TypeScript and Gulp

Introduction

As much as I enjoy using Visual Studio, I feel that TypeScript development can be a bit more streamlined. I have investigated various tools to help out, and gulp has caught my eye. Unlike grunt, which was a contender for task automation, gulp allows the creation of automation tasks via code. In this case, we can create such tasks in JavaScript. Although grunt is quite flexible, task automation is achieved via JSON configurations. It may come down to personal preference, and in my case, I chose to dive into gulp.

Today we are going to create a simple script for building and running a typical node.js application written in TypeScript. Let’s get to it.

Install Gulp

You can install gulp via npm:

$ npm install -g gulp

You can also add the following development dependencies in your project’s package.json:

"devDependencies": {
    "gulp": "^3.8.5",
    "gulp-tsc": "^0.9.1",
    "gulp-shell": "^0.2.5",
    "run-sequence":"^0.3.6"
}

This will install all the packages we will use in our gulpfile. Note that these dependencies will only be installed in a development environment:

  • gulp: The core gulp package.
  • gulp-tsc: TypeScript compiler for gulp.js
  • gulp-shell: command-line interface for gulp.js. Useful for when we want to run the application via gulp.
  • run-sequence: run a series of tasks in a certain order. For example, build and then run.

Create a gulpfile

For gulp to work properly, we need to define gulpfile.js. Here we can define all sorts of tasks to aid in building and running our application, among other things. Let’s create a basic gulpfile that can handle building and running our application that is written in TypeScript:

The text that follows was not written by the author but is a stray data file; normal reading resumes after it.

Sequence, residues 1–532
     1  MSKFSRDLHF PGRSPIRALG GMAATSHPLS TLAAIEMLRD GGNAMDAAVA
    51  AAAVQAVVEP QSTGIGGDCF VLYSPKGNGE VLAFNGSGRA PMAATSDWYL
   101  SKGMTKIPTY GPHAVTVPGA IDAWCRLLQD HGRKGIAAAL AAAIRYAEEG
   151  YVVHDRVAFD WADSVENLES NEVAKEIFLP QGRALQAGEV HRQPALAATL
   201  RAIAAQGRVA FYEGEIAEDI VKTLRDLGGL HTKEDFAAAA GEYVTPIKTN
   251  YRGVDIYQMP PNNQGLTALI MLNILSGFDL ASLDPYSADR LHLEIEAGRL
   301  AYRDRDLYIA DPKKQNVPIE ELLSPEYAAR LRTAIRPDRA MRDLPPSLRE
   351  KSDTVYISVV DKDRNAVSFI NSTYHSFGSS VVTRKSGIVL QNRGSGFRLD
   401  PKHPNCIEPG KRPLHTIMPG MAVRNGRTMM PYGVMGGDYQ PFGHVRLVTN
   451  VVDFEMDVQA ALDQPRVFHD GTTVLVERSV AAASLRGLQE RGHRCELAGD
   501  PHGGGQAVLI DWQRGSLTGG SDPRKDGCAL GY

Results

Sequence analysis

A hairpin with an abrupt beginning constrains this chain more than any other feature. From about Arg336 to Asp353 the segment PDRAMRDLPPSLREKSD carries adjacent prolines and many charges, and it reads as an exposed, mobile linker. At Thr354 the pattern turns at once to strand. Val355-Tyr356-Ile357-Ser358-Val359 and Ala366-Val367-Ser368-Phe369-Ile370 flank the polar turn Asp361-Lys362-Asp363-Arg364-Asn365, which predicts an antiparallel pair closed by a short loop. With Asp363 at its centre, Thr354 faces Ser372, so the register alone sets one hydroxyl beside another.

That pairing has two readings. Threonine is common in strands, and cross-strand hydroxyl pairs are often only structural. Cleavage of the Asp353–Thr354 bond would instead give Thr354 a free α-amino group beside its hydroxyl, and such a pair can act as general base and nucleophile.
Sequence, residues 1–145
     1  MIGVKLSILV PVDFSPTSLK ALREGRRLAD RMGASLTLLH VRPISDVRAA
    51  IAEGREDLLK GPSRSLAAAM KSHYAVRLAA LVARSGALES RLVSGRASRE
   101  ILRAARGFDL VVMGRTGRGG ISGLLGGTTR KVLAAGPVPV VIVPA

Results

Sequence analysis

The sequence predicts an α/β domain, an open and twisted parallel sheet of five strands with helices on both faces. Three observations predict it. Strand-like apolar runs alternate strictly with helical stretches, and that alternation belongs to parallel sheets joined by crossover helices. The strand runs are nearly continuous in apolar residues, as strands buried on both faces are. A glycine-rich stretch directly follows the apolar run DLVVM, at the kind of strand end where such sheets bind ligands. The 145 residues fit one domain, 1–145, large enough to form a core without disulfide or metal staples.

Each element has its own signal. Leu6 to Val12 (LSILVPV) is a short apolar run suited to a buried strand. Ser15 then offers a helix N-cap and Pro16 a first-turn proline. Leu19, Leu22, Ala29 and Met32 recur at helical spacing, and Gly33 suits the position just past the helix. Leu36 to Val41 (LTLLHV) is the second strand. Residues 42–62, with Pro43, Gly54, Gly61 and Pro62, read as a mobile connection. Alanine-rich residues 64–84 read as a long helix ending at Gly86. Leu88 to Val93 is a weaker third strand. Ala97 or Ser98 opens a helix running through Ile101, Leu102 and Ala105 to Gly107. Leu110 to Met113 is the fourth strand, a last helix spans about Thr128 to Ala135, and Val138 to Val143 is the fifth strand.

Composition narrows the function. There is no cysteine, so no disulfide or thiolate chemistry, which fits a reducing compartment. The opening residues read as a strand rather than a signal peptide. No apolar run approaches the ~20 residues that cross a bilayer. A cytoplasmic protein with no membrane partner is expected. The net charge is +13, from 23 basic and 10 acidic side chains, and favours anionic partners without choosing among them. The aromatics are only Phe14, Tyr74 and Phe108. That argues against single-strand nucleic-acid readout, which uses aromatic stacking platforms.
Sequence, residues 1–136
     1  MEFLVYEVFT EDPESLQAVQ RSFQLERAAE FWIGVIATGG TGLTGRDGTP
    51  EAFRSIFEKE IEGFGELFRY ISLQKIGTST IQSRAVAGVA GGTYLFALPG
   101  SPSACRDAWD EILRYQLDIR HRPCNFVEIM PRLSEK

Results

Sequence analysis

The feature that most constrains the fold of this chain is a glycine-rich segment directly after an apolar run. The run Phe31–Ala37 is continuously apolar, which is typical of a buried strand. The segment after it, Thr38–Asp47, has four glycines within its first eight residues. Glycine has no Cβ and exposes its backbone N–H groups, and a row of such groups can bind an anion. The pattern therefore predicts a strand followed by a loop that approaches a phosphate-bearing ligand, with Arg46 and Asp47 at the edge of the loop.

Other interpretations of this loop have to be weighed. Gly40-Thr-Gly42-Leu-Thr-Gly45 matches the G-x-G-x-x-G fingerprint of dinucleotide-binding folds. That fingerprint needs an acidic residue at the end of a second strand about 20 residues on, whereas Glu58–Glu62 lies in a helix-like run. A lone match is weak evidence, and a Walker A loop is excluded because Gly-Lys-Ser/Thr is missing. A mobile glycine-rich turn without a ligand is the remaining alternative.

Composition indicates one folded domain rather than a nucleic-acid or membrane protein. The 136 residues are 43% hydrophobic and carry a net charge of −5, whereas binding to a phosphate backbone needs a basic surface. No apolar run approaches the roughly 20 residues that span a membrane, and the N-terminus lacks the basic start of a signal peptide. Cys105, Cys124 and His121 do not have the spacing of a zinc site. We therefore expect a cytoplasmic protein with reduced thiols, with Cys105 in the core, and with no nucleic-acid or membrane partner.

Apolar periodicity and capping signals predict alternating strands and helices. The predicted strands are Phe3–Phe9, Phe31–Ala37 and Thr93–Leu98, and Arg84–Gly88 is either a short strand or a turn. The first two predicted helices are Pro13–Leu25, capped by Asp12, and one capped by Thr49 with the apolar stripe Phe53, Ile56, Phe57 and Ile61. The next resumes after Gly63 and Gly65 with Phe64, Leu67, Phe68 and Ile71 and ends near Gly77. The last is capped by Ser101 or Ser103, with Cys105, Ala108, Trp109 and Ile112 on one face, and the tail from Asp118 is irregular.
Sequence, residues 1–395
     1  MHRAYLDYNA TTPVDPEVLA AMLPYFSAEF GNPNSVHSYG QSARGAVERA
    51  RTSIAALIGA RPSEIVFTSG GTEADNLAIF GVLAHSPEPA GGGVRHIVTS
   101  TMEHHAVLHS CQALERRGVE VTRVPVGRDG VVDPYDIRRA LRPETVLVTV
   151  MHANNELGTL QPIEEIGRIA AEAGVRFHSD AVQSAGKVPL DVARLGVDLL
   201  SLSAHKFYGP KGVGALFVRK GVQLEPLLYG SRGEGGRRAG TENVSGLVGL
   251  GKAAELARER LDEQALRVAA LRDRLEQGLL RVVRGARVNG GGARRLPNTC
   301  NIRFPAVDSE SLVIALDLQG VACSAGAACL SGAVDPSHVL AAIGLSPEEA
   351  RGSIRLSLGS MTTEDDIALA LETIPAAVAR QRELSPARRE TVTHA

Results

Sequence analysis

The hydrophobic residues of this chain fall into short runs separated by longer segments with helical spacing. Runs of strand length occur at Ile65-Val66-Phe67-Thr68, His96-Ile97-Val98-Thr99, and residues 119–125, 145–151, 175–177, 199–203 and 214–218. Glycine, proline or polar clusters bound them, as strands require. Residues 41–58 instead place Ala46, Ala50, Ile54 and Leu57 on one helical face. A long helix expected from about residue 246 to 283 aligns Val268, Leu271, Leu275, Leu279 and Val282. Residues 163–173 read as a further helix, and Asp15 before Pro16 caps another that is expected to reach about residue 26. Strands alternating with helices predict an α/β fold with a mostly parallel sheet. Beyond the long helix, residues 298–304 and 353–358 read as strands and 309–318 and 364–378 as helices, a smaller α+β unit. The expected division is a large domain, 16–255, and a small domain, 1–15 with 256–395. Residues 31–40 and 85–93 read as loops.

var gulp   = require('gulp');
var tsc    = require('gulp-tsc');
var shell  = require('gulp-shell');
var runseq = require('run-sequence');

var paths = {
    tscripts : { 
        src : [
            './server.ts',
            'app/**/*.ts', 
            'public/**/*.ts', 
            'Scripts/**/*.ts'
        ],
        dest : './' 
    }
};

gulp.task('default', ['buildrun']);

// Run

gulp.task('run', shell.task([
    'node ./server.js'
]));

gulp.task('buildrun', function (cb) {
    runseq('build', 'run', cb);
});

// Compile

gulp.task('build', ['compile:typescript']);
gulp.task('compile:typescript', function () {
    return gulp
        .src(paths.tscripts.src)
        .pipe(tsc({
            module: "CommonJS",
            sourcemap: true,
            emitError: false
        }))
        .pipe(gulp.dest(paths.tscripts.dest));
});

This file defines a few tasks:

  • build, which compiles the TypeScript code, generating the JavaScript and map files alongside their respective TypeScript files. We can define a different destination for the generated JavaScript, but we will keep it the source and destination directories the same for now.
  • run, which executes the application.
  • buildrun, which performs a build, followed by a run.

Running the command “gulp” will build the solution and run it: image

You can also run more specific commands like “gulp build”: image

and “gulp run”: image

All Done!

So we were able to get all some gulp packages together and are able to compile and run a node application that’s been written in TypeScript.

Wait!

Although this file handles a lot of scenarios quite nicely, it’s written in JavaScript. The aim is to get as much as possible written in TypeScript. So let’s keep digging… The extension typescript-require enables the use of require for modules written in TypeScript without needing them to be compiled to JavaScript beforehand. This includes gulpfiles! So we can move all the code from gulpfile.js to gulpfile.ts, and the gulpfile.js would have the following two lines:

require('typescript-require');
require('./gulpfile.ts');

Now we add a reference to the node definition file to our new gulpfile.ts:

/// <reference path='Scripts/typings/node/node.d.ts' />

So without further modifying the actual code, and taking advantage of the fact that TypeScript is a superset of JavaScript and it should work: image

Well, that’s not good. After doing a bit of digging, it appears that there’s some kind of problem with the versions of lib.d.ts used in the different packages. Running a local search and sure enough we see a problem: image